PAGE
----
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The current health crisis has forced the competent institutions to introduce strict measures to prevent further contagion and preserve physical health, but the importance of maintaining mental health, which can be put to the test in a particular situation, should not be neglected or lightly understood. Humans are social beings, and from a very early age mirrored neurons allow us to unconsciously emotionally attunement with others by observing subtle and seemingly invisible facial expressions. Because the need for love and belonging is one of the basic human needs, situations in which a person is socially isolated from others will be interpreted by the body as dangerous or threatening.
The importance of face-to-face contact and social support
Studies show that face-to-face contact releases many neurotransmitters that create psychological resilience in humans as they release oxytocin, a hormone responsible for increasing confidence in others and lowering cortisol levels, leading to reduced feelings of stress and anxiety.
Children and young people especially need social contacts, primarily with family and then with peers, because their social development takes place precisely through interactions with others. Healthy social development can contribute to the child in many other areas including language and speech development, building self-esteem, strengthening school skills, conflict resolution, empathy, etc. Thus, the social part of development cannot in any way be isolated from the overall development of the individual.
Social support in children is associated with a number of positive outcomes later in life such as greater satisfaction with life and easier coping with high levels of stress. Lack of social support for children and young people, on the other hand, may be twice as reliable a predictor for the development of PTSD than the severity of the traumatic experience. Previous research has shown a significant correlation between social isolation and many health problems across all age groups. The reason is that long-term social isolation can activate neural mechanisms for fear and aggression. One survey during the 2002/2003 SARS epidemic show that quarantine can lead to significant stress, depressive symptoms or even PTSD, and other studies have shown that chronic social isolation increases the risk of mortality by almost 30%.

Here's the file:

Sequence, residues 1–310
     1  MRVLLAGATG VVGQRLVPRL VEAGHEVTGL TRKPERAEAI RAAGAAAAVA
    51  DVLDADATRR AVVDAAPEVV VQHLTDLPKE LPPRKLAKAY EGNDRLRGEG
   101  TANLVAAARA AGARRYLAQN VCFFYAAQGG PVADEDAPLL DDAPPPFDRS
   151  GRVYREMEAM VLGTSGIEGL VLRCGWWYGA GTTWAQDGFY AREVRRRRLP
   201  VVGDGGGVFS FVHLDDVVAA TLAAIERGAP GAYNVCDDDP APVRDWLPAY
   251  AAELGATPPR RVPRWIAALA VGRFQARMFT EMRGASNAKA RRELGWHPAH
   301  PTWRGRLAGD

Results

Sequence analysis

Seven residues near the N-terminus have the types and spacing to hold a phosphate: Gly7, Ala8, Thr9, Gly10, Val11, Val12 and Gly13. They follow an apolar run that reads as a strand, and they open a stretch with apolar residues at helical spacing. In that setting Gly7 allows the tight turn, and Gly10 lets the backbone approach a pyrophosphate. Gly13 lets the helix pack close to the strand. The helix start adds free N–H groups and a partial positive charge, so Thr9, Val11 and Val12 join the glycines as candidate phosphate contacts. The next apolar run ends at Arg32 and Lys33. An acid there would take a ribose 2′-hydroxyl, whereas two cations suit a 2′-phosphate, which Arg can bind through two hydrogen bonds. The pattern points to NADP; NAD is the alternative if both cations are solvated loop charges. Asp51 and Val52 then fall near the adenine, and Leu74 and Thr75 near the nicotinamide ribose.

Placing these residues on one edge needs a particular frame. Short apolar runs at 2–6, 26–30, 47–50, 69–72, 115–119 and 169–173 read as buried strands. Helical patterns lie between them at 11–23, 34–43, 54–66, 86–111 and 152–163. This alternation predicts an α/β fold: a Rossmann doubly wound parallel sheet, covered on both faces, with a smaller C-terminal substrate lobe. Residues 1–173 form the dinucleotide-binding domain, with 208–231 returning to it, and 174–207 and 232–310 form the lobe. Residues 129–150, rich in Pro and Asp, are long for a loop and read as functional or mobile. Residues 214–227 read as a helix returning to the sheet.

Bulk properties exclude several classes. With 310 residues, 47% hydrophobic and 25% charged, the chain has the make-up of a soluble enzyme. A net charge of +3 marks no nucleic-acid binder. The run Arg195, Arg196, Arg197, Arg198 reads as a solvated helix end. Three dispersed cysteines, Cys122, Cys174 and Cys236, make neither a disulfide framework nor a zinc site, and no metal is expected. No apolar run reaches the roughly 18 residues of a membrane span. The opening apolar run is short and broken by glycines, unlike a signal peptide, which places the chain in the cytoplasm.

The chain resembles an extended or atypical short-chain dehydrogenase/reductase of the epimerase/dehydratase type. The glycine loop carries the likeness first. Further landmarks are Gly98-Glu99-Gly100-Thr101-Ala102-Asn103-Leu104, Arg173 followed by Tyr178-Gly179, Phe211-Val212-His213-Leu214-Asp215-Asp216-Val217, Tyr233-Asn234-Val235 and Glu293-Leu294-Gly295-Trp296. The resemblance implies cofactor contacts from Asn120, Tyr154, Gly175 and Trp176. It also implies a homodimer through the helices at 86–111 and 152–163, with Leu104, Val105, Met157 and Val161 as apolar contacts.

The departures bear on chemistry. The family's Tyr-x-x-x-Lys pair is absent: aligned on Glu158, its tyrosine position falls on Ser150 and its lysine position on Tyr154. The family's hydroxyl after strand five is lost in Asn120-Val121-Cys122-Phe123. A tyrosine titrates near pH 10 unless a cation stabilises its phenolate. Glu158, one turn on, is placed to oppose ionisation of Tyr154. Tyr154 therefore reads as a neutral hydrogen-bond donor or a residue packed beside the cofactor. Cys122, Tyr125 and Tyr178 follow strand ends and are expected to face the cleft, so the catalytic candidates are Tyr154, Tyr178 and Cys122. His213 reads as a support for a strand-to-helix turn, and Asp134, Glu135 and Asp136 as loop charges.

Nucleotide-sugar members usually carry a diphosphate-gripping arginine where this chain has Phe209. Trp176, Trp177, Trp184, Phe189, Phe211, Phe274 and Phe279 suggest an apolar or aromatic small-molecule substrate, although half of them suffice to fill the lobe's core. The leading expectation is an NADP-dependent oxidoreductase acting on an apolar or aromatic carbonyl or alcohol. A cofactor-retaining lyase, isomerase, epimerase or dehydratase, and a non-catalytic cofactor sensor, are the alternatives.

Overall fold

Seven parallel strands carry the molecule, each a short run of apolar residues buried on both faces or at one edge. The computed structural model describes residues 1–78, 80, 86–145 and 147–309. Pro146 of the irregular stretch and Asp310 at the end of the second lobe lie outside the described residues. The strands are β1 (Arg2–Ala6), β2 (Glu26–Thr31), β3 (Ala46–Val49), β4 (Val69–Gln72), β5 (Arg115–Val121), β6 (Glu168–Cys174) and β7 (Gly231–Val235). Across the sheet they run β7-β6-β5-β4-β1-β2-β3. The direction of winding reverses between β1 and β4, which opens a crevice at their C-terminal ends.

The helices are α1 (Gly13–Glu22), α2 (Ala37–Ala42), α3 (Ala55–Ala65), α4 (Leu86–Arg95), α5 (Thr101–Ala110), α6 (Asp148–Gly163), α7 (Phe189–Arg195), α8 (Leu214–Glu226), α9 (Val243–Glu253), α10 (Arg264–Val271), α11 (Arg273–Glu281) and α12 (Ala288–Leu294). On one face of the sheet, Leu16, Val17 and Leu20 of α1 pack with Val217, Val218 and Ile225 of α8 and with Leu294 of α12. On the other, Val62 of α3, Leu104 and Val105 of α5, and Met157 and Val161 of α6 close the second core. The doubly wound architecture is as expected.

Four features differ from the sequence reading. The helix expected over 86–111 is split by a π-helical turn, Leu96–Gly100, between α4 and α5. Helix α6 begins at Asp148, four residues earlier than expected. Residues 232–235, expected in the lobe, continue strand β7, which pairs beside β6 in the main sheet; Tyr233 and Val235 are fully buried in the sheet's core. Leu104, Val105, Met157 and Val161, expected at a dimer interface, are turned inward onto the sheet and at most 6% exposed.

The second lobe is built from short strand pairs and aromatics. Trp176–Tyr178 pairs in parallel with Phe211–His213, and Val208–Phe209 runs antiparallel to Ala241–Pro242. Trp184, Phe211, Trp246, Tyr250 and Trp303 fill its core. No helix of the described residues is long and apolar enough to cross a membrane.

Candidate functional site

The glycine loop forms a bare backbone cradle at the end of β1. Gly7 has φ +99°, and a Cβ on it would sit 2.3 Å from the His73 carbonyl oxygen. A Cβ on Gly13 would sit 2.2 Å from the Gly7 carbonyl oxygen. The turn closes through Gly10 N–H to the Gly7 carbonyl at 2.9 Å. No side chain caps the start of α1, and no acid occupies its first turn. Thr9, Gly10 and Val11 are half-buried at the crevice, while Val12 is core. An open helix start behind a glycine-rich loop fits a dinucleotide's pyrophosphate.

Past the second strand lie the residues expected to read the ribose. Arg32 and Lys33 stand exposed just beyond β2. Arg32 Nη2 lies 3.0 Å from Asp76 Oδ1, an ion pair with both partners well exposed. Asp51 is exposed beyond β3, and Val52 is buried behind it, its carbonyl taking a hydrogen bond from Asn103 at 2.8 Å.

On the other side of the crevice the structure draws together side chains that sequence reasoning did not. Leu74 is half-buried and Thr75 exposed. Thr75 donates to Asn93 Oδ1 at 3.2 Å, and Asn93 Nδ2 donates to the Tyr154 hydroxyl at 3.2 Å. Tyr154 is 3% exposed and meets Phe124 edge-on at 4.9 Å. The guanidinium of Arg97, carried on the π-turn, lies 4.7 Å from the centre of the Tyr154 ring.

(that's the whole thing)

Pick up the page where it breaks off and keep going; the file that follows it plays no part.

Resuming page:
The current situation in which we are forced to be at a certain physical distance or even in self-isolation is at odds with the findings of research on mental health that, among other things, relies on regular social contacts. However, maintaining close social relationships for the duration of self-isolation is not impossible, especially in times when significant communication between people takes place through electronic devices with Internet access.
Numerous studies have come to the same conclusion that overuse of social networks is significantly associated with a sense of social isolation. But current circumstances put us in a situation where electronic devices are almost the only way to make social contact with others.
Considering statistics suggesting the most risky older age groups are in the current health crisis, they are encouraging the results of a survey conducted in 2018 that found video calls can significantly reduce the risk of depressive symptomatology in people over 60 years of age. Although older age groups often rely on modern technology mainly due to lack of knowledge, negative attitudes, or age-related conditions (such as impaired vision or hearing), research shows that more than 50% still use cell phones and computers on a daily basis. Therefore, educating seniors to video calling applications (such as Skype or WhatsApp) and providing basic IT support could be of great importance to them as well as to our mental health, whether to our parents, grandparents, or other older members of our family or the wider community.